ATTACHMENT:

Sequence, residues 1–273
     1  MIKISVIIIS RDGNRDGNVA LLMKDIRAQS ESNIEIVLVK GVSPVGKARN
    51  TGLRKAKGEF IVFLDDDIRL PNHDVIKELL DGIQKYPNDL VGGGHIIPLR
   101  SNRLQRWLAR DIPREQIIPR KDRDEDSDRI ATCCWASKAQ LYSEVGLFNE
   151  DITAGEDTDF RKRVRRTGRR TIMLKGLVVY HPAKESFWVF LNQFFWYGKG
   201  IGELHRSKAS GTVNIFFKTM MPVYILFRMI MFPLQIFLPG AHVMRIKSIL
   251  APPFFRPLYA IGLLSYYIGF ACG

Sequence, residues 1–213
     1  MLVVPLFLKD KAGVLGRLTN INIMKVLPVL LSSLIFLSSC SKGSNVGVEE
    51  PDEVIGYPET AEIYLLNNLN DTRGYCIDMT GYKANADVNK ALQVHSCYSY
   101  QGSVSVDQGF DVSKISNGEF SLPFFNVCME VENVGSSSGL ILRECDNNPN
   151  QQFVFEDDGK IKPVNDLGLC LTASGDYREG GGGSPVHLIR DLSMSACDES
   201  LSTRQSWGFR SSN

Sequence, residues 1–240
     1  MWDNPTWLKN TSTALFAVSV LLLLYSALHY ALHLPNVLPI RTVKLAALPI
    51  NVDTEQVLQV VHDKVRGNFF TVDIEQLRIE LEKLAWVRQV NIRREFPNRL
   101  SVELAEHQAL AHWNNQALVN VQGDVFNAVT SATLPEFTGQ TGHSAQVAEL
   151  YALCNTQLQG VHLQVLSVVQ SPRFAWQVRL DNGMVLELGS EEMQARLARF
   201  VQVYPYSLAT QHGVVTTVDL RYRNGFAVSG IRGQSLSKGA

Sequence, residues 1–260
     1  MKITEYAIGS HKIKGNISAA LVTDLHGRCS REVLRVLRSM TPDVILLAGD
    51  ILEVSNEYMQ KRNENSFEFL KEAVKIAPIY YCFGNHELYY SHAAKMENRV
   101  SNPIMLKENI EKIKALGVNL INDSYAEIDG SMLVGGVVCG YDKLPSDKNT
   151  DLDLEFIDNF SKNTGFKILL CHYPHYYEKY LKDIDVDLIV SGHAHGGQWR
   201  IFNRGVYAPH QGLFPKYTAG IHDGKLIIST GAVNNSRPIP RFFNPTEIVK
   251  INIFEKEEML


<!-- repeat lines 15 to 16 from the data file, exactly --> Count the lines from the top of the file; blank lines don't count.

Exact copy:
     1  MWDNPTWLKN TSTALFAVSV LLLLYSALHY ALHLPNVLPI RTVKLAALPI
    51  NVDTEQVLQV VHDKVRGNFF TVDIEQLRIE LEKLAWVRQV NIRREFPNRL